Charles Hamilton Throws Listening Party [Exclusive Coverage]
New York, NY – Anyone familiar with the work of Charles Hamilton knows that the spiky emcee can be trusted to provide a left-of center experience. Last night, the Harlemite transformed the ultra-secluded Red Bull Space into his underground star light zone for his Pink Lavalamp Release Party. The cleverly concealed venue was complete with pink lighting, a picture booth and a photo-posing, tailfeather-shaking Sonic the Hedgehog mascot.
Hamilton has been relatively hush-hush about Lavalamp, a full-length, self-produced album recorded between 2006 and 2007, as he's busied himself producing new material and inking a deal with Interscope.
DJ Enuff behind the boards
Brooklyn’s DJ Melo X warmed up the packed venue, dropping party gems like Hamilton‘s “Brooklyn Girls” to prep listeners for Lavalamp, and DJ Enuff proceeded to pump up the volume and the bass before the headliner made his way onto the stage.
As the man of the hour entered, he humbly thanked people for coming, made some shout-outs, and gave an overview of what his creative process has been like, describing his thought process in formulating each of his seven Hamiltonization Process mixtapes.
Hamilton then premiered his “Brooklyn Girls” video for the plethora of industry insiders who attended the event. Donny Goines, A-Pinks and Skyzoo were a few of the high-profile hip hop heads who were there to hear Charles' new material.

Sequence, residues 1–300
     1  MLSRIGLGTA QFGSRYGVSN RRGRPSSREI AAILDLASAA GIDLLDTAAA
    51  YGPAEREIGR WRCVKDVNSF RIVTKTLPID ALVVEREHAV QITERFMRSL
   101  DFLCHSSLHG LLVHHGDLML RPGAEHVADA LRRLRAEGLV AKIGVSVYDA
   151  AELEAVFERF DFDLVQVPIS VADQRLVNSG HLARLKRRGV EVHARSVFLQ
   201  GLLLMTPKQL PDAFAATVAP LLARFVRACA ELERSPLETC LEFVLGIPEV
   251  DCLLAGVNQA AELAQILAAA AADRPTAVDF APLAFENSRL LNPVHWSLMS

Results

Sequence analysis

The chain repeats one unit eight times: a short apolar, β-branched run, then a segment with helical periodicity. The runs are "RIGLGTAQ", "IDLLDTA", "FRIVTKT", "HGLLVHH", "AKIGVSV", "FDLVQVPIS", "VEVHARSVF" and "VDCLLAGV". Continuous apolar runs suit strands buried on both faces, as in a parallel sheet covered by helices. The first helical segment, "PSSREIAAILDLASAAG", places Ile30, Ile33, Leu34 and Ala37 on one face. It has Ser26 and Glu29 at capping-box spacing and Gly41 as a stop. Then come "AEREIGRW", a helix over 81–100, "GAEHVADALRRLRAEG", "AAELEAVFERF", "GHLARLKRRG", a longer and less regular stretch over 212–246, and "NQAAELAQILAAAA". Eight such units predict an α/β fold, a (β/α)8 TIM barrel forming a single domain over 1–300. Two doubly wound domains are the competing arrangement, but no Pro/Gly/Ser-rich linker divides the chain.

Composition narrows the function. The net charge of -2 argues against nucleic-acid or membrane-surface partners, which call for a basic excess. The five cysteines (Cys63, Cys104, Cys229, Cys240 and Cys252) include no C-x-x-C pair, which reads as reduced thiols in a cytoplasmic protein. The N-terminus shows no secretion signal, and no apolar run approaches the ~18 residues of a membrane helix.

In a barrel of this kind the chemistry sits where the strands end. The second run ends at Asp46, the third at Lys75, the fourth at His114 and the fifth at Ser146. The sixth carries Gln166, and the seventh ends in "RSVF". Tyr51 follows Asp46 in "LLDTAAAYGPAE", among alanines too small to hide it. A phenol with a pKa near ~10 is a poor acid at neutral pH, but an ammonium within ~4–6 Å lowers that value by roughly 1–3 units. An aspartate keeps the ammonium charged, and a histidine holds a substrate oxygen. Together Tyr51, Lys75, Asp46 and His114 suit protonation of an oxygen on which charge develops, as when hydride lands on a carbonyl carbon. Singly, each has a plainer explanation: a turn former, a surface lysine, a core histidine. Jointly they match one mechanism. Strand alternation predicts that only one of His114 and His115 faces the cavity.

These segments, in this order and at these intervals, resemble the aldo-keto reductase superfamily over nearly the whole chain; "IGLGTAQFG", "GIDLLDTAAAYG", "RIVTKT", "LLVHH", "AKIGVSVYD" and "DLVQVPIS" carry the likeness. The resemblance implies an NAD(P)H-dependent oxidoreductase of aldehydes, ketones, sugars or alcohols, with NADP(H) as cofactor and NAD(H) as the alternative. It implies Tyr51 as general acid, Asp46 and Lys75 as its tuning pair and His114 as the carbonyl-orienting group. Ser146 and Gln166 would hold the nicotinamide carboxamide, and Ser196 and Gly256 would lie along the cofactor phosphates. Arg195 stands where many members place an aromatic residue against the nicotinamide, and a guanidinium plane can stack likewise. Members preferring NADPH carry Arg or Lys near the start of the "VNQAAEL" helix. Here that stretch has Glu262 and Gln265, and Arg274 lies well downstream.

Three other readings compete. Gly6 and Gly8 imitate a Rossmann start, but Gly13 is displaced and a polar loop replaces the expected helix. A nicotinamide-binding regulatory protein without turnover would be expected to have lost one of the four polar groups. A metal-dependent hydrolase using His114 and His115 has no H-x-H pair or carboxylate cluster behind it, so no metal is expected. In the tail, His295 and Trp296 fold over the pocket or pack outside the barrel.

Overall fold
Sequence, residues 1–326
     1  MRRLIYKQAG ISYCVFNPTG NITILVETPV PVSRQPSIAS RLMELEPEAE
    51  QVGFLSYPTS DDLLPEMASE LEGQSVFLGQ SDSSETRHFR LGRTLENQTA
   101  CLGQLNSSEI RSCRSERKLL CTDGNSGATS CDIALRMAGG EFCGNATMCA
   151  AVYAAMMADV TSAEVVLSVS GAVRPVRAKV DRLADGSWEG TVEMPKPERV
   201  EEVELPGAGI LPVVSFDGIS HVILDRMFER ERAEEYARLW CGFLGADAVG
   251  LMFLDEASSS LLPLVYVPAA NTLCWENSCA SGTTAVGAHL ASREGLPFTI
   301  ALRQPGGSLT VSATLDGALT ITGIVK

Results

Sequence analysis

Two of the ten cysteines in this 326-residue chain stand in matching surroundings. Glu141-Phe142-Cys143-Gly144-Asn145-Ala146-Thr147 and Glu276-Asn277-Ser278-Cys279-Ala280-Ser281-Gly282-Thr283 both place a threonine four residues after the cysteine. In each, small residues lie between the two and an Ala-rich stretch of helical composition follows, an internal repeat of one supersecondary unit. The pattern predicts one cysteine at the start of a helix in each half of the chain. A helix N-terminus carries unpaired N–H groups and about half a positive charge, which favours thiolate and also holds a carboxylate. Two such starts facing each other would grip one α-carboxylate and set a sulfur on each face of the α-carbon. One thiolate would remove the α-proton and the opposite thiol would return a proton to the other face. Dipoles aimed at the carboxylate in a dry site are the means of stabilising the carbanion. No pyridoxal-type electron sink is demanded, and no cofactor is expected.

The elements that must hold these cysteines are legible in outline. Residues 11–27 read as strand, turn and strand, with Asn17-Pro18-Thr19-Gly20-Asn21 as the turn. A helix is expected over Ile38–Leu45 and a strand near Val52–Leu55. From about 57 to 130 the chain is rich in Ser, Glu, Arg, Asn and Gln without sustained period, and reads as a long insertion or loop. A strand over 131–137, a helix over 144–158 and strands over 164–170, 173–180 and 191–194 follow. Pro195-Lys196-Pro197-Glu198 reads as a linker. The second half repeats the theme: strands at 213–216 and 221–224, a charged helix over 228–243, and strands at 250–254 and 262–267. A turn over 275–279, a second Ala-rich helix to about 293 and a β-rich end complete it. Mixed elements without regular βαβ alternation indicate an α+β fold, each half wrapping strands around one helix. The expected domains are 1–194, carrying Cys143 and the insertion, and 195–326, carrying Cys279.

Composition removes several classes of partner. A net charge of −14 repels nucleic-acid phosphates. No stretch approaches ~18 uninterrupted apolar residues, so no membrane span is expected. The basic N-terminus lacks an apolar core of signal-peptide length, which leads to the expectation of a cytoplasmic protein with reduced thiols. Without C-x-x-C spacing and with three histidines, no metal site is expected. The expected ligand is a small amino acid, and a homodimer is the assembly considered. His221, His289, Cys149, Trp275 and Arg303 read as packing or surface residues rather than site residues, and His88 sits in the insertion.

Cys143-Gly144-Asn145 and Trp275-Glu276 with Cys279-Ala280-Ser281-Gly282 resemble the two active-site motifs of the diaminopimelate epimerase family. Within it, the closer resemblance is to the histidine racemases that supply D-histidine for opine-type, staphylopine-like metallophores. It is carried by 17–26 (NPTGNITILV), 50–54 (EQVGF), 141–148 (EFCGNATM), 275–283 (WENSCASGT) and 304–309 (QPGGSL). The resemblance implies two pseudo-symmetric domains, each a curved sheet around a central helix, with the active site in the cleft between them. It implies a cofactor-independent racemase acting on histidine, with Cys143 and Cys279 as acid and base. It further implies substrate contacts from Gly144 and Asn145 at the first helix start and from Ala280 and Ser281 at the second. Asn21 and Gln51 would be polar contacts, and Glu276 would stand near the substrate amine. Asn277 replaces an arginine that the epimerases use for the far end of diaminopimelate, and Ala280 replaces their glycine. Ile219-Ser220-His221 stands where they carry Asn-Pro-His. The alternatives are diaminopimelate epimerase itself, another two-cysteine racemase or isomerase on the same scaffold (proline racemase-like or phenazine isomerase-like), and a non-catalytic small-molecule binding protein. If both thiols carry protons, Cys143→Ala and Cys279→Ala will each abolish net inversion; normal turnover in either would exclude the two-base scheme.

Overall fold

Sonic the Hamilton went on to discuss everything from his drug use to his family life, and how these things contributed to his creative process. The rapidly-rising star explained the meaning of “She’s So High,” an airy tech-hop track, as a piece which describes a girl he used to make love to while on smack. “Boy Who Cried Wolf” is an ode to the naysayer with a string-flooded hook, over which the emcee spits, “Y’all don’t wanna believe me, huh? Ha ha ha.”
On the high-octane, Young Nate-featuring “Live Life to the Fullest,” Hamilton gets an opportunity to bare his knuckles over a sample of Michael Jackson’s “This Place Hotel.” “We were once in a duo,” Hamilton explained. “Honestly, we’re the reason why Kidz In The Hall and The Cool Kids have a floor to stand on. I thank the bum ass A&R who refused to sign us because we weren’t ready for inspiring other labels to concoct replicas of us.”
At the listening party, Hamilton offered attendees a glimpse behind his oft-mystifying musical persona, shedding a little light on the keen mind behind the Hamiltonization Process and giving some insight into his past experiences, as well as what lies ahead.
Fellow New Yorker Skyzoo in the house
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